- Instruct the patient to remove jewelry and other metallic objects in the area to be examined.
- Note that there are no food or fluid restrictions for a post-surgical study but the patient should follow the standard pre-operative restrictions on food and fluids for 8 hr prior to an operative cholangiogram. Protocols may vary among facilities.
- Make sure a written and informed consent has been signed prior to the procedure and before administering any medications.
- Potential complications:
Cholangiography and establishing an IV site are invasive procedures and have potential risks that include allergic reaction related to contrast reaction, bleeding, septicemia, bile peritonitis, and extravasation of the contrast medium.
- Observe standard precautions, and follow the general guidelines in Patient Preparation and Specimen Collection. Positively identify the patient.
- Ensure that the patient has complied with dietary, fluid, and medication restrictions for 8 hr prior to the procedure.
- Ensure that the patient has removed all external metallic objects from the area to be examined prior to the procedure.
- Administer ordered prophylactic steroids or antihistamines before the procedure if the patient has a history of allergic reactions to any relevant substance or drug.
- Avoid the use of equipment containing latex if the patient has a history of allergic reaction to latex.
- Have emergency equipment readily available.
- Instruct the patient to void prior to the procedure and to change into the gown, robe, and foot coverings provided.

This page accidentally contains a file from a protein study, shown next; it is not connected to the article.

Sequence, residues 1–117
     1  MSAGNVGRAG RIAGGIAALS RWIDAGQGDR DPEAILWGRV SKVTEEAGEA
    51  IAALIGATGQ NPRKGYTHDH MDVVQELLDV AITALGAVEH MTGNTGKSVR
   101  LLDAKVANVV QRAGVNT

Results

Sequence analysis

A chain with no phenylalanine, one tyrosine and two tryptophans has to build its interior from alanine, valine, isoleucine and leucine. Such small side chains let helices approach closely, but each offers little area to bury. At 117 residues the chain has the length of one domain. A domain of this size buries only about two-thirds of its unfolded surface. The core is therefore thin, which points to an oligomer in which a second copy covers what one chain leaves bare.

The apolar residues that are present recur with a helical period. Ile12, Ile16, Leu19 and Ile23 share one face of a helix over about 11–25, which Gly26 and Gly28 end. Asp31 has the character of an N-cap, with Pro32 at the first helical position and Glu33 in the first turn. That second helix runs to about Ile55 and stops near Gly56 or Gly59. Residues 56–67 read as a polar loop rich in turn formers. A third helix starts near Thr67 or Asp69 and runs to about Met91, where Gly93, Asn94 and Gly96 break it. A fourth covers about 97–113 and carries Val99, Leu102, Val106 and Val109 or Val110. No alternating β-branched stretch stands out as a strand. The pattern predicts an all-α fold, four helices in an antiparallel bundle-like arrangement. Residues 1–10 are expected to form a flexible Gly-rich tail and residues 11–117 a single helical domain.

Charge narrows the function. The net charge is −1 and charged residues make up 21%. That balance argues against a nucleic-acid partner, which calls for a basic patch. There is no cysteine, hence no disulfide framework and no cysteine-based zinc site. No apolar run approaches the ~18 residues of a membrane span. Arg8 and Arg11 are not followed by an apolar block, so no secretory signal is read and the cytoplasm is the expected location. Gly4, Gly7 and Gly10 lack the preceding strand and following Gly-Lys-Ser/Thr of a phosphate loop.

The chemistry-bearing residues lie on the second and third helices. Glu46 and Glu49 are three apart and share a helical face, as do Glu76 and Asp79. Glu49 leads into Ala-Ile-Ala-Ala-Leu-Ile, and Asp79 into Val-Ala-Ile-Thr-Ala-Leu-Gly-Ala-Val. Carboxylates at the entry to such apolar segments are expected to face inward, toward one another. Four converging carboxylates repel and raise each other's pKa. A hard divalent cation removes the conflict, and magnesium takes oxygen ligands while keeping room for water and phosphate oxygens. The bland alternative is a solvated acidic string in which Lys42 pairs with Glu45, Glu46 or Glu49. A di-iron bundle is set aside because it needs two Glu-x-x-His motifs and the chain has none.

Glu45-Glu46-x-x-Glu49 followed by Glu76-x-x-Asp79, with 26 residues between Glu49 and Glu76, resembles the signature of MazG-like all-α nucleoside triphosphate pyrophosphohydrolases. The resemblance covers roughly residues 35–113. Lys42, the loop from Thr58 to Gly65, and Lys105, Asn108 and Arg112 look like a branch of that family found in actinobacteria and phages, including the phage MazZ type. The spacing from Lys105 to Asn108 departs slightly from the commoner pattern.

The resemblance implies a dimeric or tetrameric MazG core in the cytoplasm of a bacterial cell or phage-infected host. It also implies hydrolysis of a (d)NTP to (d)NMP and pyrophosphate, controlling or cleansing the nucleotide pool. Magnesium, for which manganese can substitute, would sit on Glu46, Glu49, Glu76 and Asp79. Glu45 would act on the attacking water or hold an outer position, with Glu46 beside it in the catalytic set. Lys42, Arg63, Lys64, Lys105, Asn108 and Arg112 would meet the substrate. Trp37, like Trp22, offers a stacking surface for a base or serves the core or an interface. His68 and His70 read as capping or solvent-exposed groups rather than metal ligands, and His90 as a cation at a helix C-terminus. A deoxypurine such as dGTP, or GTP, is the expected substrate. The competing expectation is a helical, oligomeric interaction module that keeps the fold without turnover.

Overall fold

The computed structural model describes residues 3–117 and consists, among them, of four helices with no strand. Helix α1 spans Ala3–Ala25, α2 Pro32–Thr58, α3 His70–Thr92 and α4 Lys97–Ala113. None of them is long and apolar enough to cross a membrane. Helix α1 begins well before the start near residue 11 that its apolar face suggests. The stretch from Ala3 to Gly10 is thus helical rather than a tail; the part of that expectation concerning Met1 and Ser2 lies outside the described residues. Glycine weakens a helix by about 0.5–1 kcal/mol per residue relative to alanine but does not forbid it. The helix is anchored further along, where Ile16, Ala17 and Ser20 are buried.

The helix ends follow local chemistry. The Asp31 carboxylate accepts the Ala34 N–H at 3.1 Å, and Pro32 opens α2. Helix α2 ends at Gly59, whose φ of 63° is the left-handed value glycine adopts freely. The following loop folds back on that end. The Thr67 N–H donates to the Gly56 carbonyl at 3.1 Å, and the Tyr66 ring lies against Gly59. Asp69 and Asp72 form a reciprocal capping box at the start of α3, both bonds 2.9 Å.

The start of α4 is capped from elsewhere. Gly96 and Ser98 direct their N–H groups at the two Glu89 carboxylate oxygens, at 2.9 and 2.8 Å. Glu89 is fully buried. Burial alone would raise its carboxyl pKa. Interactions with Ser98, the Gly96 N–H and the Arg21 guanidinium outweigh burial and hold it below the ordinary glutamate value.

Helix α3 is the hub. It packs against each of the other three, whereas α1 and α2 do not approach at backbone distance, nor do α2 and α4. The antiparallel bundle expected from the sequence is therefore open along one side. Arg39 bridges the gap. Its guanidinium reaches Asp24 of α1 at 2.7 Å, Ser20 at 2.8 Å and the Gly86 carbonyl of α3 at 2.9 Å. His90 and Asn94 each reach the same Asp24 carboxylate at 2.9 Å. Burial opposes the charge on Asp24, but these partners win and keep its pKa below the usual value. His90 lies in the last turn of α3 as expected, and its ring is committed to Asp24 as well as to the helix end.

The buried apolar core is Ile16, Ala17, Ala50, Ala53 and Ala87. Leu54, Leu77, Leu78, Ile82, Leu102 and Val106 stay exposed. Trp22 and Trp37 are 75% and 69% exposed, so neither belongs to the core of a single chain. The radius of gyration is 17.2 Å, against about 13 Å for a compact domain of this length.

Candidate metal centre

- Instruct the patient to cooperate fully and to follow directions. Instruct the patient to remain still throughout the procedure because movement produces unreliable results.
- Record baseline vital signs, and continue to monitor throughout the procedure. Protocols may vary among facilities.
- Establish an IV fluid line for the injection of saline, sedatives, or emergency medications.
- Clamp the T-tube 24 hr before and during the procedure, if ordered, to help prevent air bubbles from entering the ducts.
- An x-ray of the abdomen is obtained to determine if any residual contrast medium is present from previous studies.
- The patient is placed on an examination table in the supine position.
- The area around the T-tube is draped; the end of the T-tube is cleansed with 70% alcohol. If the T-tube site is inflamed and painful, a local anesthetic (e.g., lidocaine) may be injected around the site. A needle is inserted into the open end of the T-tube, and the clamp is removed.
- Contrast medium is injected, and fluoroscopy is performed to visualize contrast medium moving through the duct system.